Sometimes we get attached to our particular tribe, our particular race, our particular religion, and then we start treating other folks differently. And that, sometimes, has been a bottleneck to how we think about immigration. If you look at the history of immigration in this country, each successive wave, there have been periods where the folks who were already here suddenly say, ‘Well, I don’t want those folks’ — even though the only people who have the right to say that are some Native Americans.
In contrast, Trump has repeatedly argued that America is for Americans. In his May 30 letter announcing the new tariff threat, he said:
As everyone knows, the United States of America has been invaded by hundreds of thousands of people coming through Mexico and entering our country illegally. This sustained influx of illegal aliens has profound consequences on every aspect of our national life—overwhelming our schools, overcrowding our hospitals, draining our welfare system, and causing untold amounts of crime. Gang members, smugglers, human traffickers, and illegal drugs and narcotics of all kinds are pouring across the Southern Border and directly into our communities. Thousands of innocent lives are taken every year as a result of this lawless chaos. It must end NOW!
The current state of affairs is profoundly unfair to the American taxpayer, who bears the extraordinary financial cost imposed by large-scale illegal migration. Even worse is the terrible and preventable loss of human life. Some of the most deadly and vicious gangs on the planet operate just across our border and terrorize innocent communities.
For years, Mexico has not treated us fairly—but we are now asserting our rights as a sovereign Nation.
The United States is a great country that can no longer be exploited due to its foolish and irresponsible immigration laws. For the sake of our people, and for the sake of our future, these horrendous laws must be changed now.
As President of the United States, my highest duty is the defense of the country and its citizens. A nation without borders is not a nation at all. I will not stand by and allow our sovereignty to be eroded, our laws to be trampled, or our borders to be disrespected anymore.
Each year, approximately four million young Americans join the workforce after graduating from high school or university.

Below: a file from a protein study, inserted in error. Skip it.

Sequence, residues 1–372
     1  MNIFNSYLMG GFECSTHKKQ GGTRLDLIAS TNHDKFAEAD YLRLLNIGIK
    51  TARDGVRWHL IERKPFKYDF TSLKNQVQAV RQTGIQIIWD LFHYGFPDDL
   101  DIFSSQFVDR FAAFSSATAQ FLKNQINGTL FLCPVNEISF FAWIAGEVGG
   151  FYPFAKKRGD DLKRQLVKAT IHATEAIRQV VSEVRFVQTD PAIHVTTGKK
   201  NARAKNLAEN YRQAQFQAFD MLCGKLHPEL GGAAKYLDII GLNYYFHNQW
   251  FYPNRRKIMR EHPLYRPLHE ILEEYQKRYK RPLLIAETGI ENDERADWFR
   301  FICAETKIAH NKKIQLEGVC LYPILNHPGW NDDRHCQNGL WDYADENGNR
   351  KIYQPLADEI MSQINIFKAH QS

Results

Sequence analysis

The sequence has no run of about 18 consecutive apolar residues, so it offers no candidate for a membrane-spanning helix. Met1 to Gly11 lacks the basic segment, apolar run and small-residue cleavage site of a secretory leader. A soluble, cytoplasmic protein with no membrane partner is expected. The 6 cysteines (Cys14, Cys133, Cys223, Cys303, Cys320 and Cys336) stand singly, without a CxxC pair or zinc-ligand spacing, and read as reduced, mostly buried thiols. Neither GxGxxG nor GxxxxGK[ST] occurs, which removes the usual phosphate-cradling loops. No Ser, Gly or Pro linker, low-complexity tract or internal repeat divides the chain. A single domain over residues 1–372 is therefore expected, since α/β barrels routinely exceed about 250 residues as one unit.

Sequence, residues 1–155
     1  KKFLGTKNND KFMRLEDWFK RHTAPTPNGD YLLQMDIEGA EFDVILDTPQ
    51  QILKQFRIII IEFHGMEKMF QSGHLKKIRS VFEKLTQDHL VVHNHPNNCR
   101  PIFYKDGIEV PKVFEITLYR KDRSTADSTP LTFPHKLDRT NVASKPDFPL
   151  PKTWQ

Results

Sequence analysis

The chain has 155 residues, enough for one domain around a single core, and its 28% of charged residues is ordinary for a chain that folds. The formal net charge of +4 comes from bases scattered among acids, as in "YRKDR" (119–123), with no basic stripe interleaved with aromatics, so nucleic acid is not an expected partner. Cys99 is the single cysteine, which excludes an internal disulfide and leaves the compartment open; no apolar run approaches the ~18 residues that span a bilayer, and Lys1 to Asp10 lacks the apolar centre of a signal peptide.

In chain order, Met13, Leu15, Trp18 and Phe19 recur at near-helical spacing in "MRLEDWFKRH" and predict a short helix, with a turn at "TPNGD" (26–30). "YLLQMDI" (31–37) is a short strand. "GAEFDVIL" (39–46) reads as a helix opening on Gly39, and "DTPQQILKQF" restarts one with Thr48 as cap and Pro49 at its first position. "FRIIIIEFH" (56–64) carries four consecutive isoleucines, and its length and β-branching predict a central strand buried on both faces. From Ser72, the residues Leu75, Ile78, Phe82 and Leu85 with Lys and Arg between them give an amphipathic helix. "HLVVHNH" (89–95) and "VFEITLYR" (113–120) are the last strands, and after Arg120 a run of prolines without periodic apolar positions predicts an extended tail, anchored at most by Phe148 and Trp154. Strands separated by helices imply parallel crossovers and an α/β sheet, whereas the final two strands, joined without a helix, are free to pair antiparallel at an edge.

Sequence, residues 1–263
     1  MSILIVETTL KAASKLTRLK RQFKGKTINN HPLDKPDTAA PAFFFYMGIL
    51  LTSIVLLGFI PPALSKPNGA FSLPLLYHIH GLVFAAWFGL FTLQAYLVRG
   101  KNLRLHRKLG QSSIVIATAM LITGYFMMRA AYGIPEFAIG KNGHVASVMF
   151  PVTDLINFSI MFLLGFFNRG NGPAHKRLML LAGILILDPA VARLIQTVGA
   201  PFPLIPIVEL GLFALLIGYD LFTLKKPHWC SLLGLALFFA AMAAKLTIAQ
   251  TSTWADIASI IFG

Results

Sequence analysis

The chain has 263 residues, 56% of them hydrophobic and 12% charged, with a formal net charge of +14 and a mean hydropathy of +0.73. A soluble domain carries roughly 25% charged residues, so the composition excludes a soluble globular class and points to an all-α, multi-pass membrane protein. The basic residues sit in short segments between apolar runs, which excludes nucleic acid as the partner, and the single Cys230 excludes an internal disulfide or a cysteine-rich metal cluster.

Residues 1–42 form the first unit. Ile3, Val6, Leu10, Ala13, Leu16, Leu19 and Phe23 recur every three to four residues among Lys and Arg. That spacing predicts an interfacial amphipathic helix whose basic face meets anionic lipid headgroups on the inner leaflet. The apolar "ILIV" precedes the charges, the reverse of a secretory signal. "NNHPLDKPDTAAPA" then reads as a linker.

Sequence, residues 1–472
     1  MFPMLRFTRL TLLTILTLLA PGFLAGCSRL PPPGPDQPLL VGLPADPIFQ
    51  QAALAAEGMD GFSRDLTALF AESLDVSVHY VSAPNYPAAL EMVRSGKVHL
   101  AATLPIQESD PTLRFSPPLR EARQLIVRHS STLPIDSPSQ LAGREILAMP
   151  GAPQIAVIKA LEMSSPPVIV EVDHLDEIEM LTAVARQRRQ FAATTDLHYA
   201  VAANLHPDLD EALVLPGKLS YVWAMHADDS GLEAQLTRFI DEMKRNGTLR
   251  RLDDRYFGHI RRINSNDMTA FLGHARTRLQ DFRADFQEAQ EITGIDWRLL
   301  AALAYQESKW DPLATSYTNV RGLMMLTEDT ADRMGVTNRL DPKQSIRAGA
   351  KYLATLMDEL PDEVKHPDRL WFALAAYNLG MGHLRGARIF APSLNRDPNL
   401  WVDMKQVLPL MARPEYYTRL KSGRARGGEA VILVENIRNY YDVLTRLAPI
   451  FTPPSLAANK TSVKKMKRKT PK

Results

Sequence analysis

But the federal government then imports about 1.1 million legal immigrants and refreshes a resident population of roughly 1.5 million white-collar visa workers — including about one million H-1B workers — and approximately 500,000 blue-collar visa workers.
The government also prints out more than one million work permits for foreigners, tolerates about eight million illegal workers, and does not punish companies for employing the hundreds of thousands of illegal migrants who sneak across the border or overstay their legal visas each year.
This policy of inflating the labor supply stimulates economic growth for investors because it ensures that employers do not have to compete for American workers by offering higher wages and better working conditions.
This policy of deflating wages by flooding the market with cheap, foreign, white-collar graduates and blue-collar labor also shifts enormous wealth from young employees towards older investors, even as it also widens wealth gaps, reduces high-tech investment, increases state and local tax burdens, and hurts children’s schools and college educations.
The economic policy also pushes Americans away from high-tech careers and sidelines millions of marginalized Americans, including many who are now struggling with fentanyl addictions. The labor policy furthermore moves business investment and wealth from the Heartland to the coastal cities, explodes rents and housing costs, shrivels real estate values in the Midwest, and rewards investors for creating low-tech, labor-intensive workplaces.